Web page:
Editor: David Reiss
Brooklyn Law School

January 17, 2013

New Jersey Superior Court Dismisses Foreclosure Suit, Requiring Physical Possession of Note & Mortgage at Time of Filing

By Joseph Kelly

In Bank of New York v. Raftogianis, 418 N.J. Super. 323, 13 A.3d 435 (Ch. Div. 2010) the Superior Court of New Jersey, Chancery Division, Atlantic County, found that although the lender had not separated the note and mortgage through the securitization process, there was insufficient evidence that the trustee had physical possession of the original note as of the date the foreclosure was filed.

Defendant, Michael Raftogianis, executed a note in the amount $1,380,000 to American Home Mortgage Acceptance, Inc. (“AHA”) and corresponding mortgage in September 2004. The mortgage described MERS as the mortgagee, as nominee for the Lender. In December 2004, defendant’s mortgage was securitized along with a group of other mortgages held by AHA to American Home Mortgage Securities, LLC. Afterwards, defendant’s mortgage was resold to plaintiff’s trust. Defendant defaulted in October 2008. Bank of New York was prosecuting this foreclosure case as indentured trustee for the trust.

After a lengthy discussion of the UCC, MERS recording system, and securitization in general, the court concluded “[w]hile it was clear the note had been indorsed prior to the time it was presented to the court, presumably as a part of the securitization process, it was not clear just when that occurred, or when the note had been physically transferred from American Home Acceptance to some other individual or entity.”

In turn, the court addressed the three central issues necessary to resolution.

First, the court rejected defendant’s “separation theory.” Splitting the note and the mortgage, in the sense the note was payable to the lender, and the mortgage was directed to MERS as nominee for the lender does not restrict the ability to foreclose. Interestingly, the court seemed to focus in part on the lender’s intent, stating “[i]t is clear, however, that there was no real intent to separate ownership of the note and mortgage at the time those documents were created.”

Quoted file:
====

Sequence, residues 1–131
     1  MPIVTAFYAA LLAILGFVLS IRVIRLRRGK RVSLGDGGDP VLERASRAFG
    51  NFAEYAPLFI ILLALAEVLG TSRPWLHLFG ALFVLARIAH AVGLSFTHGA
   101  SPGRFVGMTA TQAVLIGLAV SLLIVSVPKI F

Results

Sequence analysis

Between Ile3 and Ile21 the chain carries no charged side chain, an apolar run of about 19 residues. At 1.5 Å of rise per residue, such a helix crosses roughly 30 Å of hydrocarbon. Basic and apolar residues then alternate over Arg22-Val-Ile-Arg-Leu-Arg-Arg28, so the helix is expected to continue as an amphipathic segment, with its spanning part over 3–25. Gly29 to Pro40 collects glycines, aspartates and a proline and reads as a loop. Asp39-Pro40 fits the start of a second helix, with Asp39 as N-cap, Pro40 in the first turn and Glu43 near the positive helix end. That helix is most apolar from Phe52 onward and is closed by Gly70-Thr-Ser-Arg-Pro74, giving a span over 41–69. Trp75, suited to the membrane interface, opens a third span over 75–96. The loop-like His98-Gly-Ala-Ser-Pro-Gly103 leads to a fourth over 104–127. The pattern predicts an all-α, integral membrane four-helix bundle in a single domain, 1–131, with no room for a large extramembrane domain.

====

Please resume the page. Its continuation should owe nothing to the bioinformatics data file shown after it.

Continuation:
Second, the court rejected plaintiff’s argument that it did not have to establish it had possession of the note at the time of filing as it was a “real party in interest” under New Jersey Rule 4:26-1. The court focused on the permissive nature of this statute and the uncertainty that the trust had possession of the note (which would be required under the UCC) to reject this position.

Third, the court addressed plaintiff’s claim that possession of the note after the complaint was filed was sufficient to overcome any initial deficiencies. Citing to the Southern District of Ohio, the court stated to satisfy Article III’s standing requirements, “the plaintiff in a foreclosure action must establish that it was the holder of the note and the mortgage at the time the complaint was filed.”

Here, the bank’s witness was unable to offer any direct proof as to the physical transfer of the note at issue. Accordingly, the court found “[p]laintiff failed, even by the preponderance of the evidence standard, [to establish] that it did have possession of the note as of the date the complaint was filed” and dismissed without prejudice.

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